By contrast, Western officials never expressed any doubts about the Kremlin’s guilt. During a fiery speech to the US Senate that June, the late war hawk John McCain boldly declared that “every American should be disturbed” by Russia’s “heinous plot” in Montenegro, branding it “an indication of how far Vladimir Putin is willing to go to advance his dark and dangerous view of the world.” He repeatedly cited the dubious indictment as proof.

In the manner of The Daily Telegraph’s reports earlier that year, McCain linked the incident to a variety of alleged Muscovite meddling operations overseas, including now utterly discredited claims of Russian cyberattacks targeting France, and intervention in the 2016 US Presidential election. He ominously warned similar subversion would inevitably take shape elsewhere. Two months later, Vice President Mike Pence echoed McCain’s paranoid remarks during an address in Podgorica.

Information operation convicts before verdicts

The coup trial was a Western media circus from start to finish. Over its two-and-a-half year span, transcripts of incriminating discussions between the indicted individuals were leaked by authorities at regular intervals. Such prejudicial actions, and other flagrant prosecutorial bias, elicited such “shock” in defense lawyers that the trial was repeatedly adjourned.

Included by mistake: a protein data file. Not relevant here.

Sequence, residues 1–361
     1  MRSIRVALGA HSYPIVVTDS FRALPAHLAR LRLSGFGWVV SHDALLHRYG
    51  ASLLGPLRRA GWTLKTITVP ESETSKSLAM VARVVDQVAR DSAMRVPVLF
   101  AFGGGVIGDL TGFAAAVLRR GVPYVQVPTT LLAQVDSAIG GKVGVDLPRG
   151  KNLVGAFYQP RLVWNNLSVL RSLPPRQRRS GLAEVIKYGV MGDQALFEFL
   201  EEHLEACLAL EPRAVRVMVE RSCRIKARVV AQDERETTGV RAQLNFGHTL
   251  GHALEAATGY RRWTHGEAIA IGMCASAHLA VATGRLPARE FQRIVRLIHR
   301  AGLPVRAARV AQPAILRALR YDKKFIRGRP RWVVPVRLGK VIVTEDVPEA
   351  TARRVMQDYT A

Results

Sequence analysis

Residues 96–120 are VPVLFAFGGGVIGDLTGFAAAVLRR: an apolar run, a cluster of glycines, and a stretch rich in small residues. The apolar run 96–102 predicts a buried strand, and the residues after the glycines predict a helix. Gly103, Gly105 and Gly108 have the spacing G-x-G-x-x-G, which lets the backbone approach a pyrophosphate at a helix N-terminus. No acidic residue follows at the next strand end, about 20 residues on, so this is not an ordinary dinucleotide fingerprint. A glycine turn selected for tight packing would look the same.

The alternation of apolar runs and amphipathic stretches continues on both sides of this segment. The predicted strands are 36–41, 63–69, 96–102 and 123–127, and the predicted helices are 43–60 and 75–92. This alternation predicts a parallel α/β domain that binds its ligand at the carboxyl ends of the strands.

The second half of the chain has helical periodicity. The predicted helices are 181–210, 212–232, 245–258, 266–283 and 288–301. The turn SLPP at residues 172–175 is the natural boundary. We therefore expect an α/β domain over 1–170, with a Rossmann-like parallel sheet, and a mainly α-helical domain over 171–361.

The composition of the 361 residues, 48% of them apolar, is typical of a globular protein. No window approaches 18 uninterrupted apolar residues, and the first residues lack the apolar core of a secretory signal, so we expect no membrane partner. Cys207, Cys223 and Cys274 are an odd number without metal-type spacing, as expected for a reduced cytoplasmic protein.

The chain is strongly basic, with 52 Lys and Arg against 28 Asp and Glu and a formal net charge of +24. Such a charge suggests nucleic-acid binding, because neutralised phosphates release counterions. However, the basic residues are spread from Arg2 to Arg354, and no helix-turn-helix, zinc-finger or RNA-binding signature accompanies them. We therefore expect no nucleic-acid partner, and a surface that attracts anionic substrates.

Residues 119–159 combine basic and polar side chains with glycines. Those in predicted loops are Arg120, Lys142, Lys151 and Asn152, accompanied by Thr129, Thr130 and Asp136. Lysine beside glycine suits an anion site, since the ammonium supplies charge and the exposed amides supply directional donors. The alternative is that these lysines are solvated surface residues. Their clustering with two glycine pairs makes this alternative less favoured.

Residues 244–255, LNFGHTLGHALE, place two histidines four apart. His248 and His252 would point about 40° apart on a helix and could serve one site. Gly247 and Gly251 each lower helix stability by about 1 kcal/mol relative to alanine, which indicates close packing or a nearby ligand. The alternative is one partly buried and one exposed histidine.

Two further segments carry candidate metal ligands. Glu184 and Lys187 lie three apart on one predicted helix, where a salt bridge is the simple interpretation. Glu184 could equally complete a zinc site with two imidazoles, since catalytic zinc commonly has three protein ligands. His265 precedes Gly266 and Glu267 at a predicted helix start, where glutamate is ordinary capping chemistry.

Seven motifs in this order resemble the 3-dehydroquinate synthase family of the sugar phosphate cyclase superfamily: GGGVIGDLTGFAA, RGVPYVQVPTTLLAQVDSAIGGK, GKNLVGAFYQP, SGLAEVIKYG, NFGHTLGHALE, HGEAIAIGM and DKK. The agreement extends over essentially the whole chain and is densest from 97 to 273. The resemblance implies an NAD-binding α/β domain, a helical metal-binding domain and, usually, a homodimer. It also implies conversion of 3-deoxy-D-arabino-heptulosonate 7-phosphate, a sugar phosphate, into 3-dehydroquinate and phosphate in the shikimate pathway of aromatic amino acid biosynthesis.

Despite prosecutors begrudgingly admitting the leaked transcripts may have been “inaccurate” — or at least, “half-accurate” — foreign-funded media assets in Montenegro and the wider region eagerly seized on their contents. The website Balkan Insight – a product of the US government sponsored National Endowment for Democracy – was particularly gripped by the trial, producing dispatches that English language outlets the world over recycled. Such media coordination ensured that long before any verdicts had been reached, the defendants and by extension, the Russian government, had been comprehensively convicted in the court of Western public opinion.

Enter Bellingcat, the NATO member state-funded “open source” collective, and its frequent collaborator, The Insider. These two outlets swiftly escalated the information warfare campaign with three lengthy probes “unmasking” the indicted Russians as GRU operatives, thus seemingly confirming the Kremlin’s role in the coup. The bombshell findings reportedly relied on the same corpus of hacked material that magically identified the failed assassins of exiled double agent Sergei Skripal, as well as “exclusively obtained” audio and video recordings.